Neoptolemus told me everything which I have written about him, when I attended his marriage to Hermione, the daughter of Menelaus. I also learned from him about the burial of Memnon’s remains.
Memnon’s bones came into the hands of those of his men who had stayed on Paphos. They had slain Pallas,3 under whose leadership they were sailing to Troy, and had taken the booty for themselves.
Then his sister Himera, or Hemera as some call her after her mother,4 came to Paphos, looking for the body of her brother. When she found the remains and learned what had happened to the booty, she wanted to recover both. Thereupon, through the influence of the Phoenicians, who composed a majority of Memnon’s soldiers there, she was given a choice: she could have either the booty of the bones, but not both. Accordingly, yielding to sisterly affection, she chose the latter; she took the urn and, setting sail, carried it off to Phoenicia.
When she had come to the part of the country called Phalliotis, she buried the urn. Then she suddenly vanished from sight. There were three explanations for her disappearance: either she had vanished at sunset along with her mother, Himera; or she had killed herself, overwhelmed with grieving over her brother; or the inhabitants of Phalliotis had killed her, desiring to steal whatever she had.
Neoptolemus is my source for what I have told about Memnon and his sister.
 The year after I returned to Crete, I went to the oracle of Apollo as a public representative, along with two others, in order to seek relief from a plague. For no apparent reason and all unexpectedly, a great horde of locusts had attacked our island and was destroying all of the crops in the fields. The response of the oracle, in answer to our many prayers and supplications, was that living creatures must die, divinely slain, before the crops of our island would grow and abound.
The people at Delphi prohibited us from sailing home at this time; the weather, they said, was unfavorable and dangerous. Nevertheless, Lycophron and Ixaeus – they were the two who had come along with me – refused to obey this injunction. Thus they sailed. When, however, they were half way to Crete, a bolt of lightning struck them dead. And then, just as the god had predicted, with the same bolt of lightning, the locusts departed, swallowed up by the sea, and the crops of our island began to increase.
 During the same time Neoptolemus, having consummated his marriage with Hermione, went to Delphi. He wanted to give thanks to Apollo for the fact that Alexander, who had murdered his father, had paid for his crime. Andromache was left behind at home, along with Laodamas, her only surviving son by Hector.5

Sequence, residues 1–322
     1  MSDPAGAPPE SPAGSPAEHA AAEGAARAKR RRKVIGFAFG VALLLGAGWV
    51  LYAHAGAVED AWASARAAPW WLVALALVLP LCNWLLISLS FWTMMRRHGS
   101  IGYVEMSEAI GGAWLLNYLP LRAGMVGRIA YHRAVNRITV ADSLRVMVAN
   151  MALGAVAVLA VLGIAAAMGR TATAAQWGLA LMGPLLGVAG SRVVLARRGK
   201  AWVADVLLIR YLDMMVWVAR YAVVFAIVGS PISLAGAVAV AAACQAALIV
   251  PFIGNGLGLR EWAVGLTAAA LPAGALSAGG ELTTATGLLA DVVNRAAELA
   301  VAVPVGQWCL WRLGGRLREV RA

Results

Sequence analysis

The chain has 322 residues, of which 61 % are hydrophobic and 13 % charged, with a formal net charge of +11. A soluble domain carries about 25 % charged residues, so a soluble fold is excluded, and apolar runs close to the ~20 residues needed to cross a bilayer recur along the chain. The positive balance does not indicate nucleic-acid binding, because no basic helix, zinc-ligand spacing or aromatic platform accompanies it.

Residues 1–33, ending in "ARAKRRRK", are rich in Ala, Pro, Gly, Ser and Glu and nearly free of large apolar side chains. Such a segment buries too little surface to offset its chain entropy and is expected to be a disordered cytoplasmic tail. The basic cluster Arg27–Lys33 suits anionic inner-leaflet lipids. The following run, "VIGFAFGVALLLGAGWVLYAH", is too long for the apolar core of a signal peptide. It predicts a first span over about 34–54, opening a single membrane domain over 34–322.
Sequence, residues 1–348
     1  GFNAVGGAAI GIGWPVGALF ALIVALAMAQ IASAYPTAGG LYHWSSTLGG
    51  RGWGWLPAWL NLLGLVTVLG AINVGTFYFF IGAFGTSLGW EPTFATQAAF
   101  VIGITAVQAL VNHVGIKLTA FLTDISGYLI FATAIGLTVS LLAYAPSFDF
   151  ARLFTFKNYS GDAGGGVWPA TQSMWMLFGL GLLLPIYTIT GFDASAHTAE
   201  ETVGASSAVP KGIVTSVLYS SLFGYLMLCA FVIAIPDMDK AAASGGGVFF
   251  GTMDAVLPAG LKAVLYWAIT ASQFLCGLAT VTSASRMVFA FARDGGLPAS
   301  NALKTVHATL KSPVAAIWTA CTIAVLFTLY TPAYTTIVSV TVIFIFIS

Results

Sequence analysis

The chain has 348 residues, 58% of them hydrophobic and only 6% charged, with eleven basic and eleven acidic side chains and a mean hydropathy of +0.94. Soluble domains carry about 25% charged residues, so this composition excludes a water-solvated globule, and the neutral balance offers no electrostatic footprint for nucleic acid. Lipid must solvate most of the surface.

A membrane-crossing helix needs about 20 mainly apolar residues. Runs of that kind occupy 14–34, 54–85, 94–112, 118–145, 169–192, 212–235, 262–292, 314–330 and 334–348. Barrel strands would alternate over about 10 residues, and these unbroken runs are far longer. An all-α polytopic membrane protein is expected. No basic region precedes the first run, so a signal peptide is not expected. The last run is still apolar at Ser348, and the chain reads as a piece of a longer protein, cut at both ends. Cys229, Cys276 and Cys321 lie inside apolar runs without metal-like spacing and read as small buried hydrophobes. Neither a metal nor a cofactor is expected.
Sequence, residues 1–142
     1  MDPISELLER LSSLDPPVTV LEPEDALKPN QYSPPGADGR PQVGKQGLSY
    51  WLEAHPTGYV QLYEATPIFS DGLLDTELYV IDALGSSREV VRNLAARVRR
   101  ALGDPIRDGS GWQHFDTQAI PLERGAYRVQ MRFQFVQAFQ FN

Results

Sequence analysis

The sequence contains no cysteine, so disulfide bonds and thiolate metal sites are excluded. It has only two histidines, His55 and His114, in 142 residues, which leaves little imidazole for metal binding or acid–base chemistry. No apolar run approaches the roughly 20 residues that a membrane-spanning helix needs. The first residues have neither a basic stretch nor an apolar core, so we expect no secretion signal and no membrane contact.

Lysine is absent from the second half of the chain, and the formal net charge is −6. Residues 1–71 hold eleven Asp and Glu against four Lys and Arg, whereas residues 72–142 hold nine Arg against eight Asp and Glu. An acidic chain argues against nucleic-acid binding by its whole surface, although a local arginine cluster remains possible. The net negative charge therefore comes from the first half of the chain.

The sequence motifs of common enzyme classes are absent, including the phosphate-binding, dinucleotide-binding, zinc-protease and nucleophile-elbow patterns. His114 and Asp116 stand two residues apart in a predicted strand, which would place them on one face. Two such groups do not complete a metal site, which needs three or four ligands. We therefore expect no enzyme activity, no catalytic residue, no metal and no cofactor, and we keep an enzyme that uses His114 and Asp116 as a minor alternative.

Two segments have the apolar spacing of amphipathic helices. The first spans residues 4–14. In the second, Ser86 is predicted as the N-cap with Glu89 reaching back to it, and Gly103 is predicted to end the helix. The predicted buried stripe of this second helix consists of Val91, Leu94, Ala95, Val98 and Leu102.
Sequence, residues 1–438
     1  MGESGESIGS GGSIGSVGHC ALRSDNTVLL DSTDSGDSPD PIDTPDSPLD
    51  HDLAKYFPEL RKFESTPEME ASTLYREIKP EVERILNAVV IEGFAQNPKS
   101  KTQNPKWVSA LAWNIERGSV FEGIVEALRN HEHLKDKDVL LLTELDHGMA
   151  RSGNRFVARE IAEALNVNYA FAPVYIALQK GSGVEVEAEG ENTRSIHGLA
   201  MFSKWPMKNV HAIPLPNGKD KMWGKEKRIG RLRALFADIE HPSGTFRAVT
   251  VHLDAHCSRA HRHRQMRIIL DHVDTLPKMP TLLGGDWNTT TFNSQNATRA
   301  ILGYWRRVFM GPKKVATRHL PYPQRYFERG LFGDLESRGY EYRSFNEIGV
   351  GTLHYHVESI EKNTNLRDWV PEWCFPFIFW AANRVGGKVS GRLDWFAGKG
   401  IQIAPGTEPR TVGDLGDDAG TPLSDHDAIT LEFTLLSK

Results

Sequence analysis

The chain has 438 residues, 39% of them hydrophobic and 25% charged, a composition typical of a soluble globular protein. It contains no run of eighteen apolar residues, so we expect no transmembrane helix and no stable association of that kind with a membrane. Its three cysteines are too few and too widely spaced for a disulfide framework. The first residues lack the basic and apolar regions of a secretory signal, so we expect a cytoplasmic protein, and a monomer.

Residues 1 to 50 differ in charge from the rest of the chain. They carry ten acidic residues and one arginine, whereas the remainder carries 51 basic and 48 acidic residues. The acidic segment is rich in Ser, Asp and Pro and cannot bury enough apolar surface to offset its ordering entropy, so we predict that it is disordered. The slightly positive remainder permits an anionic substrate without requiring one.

Now Hermione, after the departure of her husband, was tortured by the thought of her captive rival, and summoned her father, Menelaus. Then, bitterly complaining about her poor treatment – how Neoptolemus preferred a captive woman to her – she urged Menelaus to kill Hector’s son. Andromache, however, having learned of this plot, saved her son and escaped with the aid of the people, who pitied her fate; furthermore, these heaped abuses upon Menelaus, and were barely prevented from killing him.
 Meanwhile Orestes arrived and learned all that was happening. Thereupon he urged Menelaus to carry out the plot, for he himself was planning to kill Neoptolemus when he returned. He hated Neoptolemus for having married Hermione; she had been promised to him. Accordingly, the first thing he did was to send some trusted scouts to Delphi to find out when Neoptolemus would come.
Menelaus, being thus apprised of Orestes’ plans, returned to Sparta, for he wanted no part in such a crime.
Then the scouts who had been sent to Delphi reported that Neoptolemus was not to be found in that place. And thus Orestes was forced to set out in search of his man.
When he returned – but not on the same day he had left – everyone believed that he had accomplished his purpose. Within a short time the popular story was that Neoptolemus was dead and that Orestes had treacherously slain him.
Then Orestes returned to Mycenae, taking Hermione with him. She had been promised to him.
Meanwhile Peleus and Thetis, having heard of their grandson’s death, set out to learn for themselves exactly how he had died. They discovered that he had been buried at Delphi (where then they performed his funeral rites according to custom), but that he had died in a place where Orestes had never been seen. This, however, the people refused to believe, so strong was their presumption of Orestes’ treachery.